that clung to me like a second skin.”

That night was alive, yet, at the same time, still, an eerie silence that clung to me like a second skin. Smog hung low in the air, backlit by orange lights glowing into the night, tinging the moon with blood.

© Sarah Doughty
2017

The promise of the night filled me
with a delicious anticipation.

Poetry

Stratosphere II

“I wanted you to be happy.
And you couldn’t have that with me.”

You were my lifeline, and I knew it — but I still tried to push you away. It was a test, in a sense — one meant for both of us. I wasn’t perfect, nor would I ever be, but I wanted you to be happy. And you couldn’t have that with me.

I locked away my pain, and, at the same time, I wanted you to think I was done with us. But you stayed. Even as I saw the pain in your eyes, you still wanted me to say the words out loud.

“Tell me to leave — no,” you began, “tell me why, and I’ll go. But if you want me to stay, I’ll stay. I’ll always stay.”

I wasn’t sure how to respond to those words, but I couldn’t force myself to do it. Maybe I was selfish. Maybe I was too weak to do it. In the end, I said that I wanted you to stay, no matter how weak such a confession made me feel.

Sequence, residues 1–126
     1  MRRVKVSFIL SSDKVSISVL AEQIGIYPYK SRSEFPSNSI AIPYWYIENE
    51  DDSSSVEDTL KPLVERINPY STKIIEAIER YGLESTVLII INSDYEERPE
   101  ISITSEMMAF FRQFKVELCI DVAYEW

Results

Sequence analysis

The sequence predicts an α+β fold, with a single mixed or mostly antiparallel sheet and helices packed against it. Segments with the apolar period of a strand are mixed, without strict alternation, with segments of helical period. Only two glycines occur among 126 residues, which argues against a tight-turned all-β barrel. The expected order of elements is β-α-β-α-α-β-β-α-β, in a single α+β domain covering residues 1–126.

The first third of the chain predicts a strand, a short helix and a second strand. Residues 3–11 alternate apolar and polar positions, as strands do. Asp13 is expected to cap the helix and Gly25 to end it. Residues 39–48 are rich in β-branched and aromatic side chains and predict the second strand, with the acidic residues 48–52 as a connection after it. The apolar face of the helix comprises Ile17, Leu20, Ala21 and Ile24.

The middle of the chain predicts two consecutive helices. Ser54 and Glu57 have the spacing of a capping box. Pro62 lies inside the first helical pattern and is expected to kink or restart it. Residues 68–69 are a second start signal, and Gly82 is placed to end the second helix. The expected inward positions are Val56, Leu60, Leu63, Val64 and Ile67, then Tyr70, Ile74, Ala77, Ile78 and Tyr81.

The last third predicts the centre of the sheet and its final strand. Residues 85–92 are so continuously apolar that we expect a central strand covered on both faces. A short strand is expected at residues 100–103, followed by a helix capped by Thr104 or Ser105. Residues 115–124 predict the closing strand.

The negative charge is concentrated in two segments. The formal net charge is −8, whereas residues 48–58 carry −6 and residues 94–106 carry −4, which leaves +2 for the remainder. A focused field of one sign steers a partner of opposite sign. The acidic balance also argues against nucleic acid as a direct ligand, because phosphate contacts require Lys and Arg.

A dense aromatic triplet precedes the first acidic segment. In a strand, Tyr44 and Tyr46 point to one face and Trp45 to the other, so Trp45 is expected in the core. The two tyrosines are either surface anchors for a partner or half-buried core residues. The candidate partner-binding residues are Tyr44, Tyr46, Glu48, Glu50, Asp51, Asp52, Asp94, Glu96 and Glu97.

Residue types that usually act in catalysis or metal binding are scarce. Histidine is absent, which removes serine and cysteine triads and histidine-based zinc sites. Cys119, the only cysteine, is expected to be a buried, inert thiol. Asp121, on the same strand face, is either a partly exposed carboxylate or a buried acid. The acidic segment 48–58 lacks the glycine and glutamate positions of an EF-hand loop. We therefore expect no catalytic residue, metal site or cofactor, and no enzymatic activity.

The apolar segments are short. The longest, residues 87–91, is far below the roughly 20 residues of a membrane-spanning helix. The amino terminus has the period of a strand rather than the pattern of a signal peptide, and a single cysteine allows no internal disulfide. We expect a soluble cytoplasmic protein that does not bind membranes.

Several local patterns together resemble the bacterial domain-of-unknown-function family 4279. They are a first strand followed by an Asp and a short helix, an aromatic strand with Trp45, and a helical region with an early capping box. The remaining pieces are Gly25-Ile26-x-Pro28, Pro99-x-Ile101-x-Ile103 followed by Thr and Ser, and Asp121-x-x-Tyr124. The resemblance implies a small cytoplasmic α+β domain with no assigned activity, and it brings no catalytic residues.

But the best part? You lived up to your promise. Over seventeen years later, you’re still here, giving me the same affirmations. I don’t know where I would be if I lied and forced you to leave. Would I have survived? Would you be happier?

I’m the lucky one.

© Sarah Doughty
2017

I will always be
the lucky one.

(If you haven’t already,
read part one here.)

Poetry

Stratosphere I

“Could you tell how much I feared
I would hurt you?”

I remember flying in your stratosphere, riding the high that was you. Your eyes. Everything about you screamed to me, “He’s too good for you,” or, “How could I ever be enough?” But the worst was, “I’ll ruin him.”

Though I wasn’t sure why those thoughts hit me in those perfect moments we shared, but they were there, lurking beneath the surface of my eyes.

Could you see it? Could you tell how much I feared I would hurt you?

© Sarah Doughty
2017

The thought of hurting you
was more than I could bear.

Read part two here.

Poetry

Silhouetted

“How can I remember the good memories,
when there’s always something
that leads to the darkness?”

Some people learn to fly a kite on hot summer days, and imagine they’re the ones flying through the clouds. They remember playing in the sand. Laughing. Feeling the sunshine on their skin, building castles fit for kings and queens while the melody of waves hum in tune like a royal anthem.

But when I think back, I remember the sunburns on my fair skin that left behind disappearing handprints. The sand ending up in places he liked to explore in the dark. I see him. Standing in my doorway. Silhouetted in hell fire with a gleam in his eye. Like I was a treat for a sweet tooth befitting the wicked.

So, tell me, how do I tell my son about the good memories, when there’s always something that leads to the darkness?

© Sarah Doughty
2017

This is still something
I struggle with.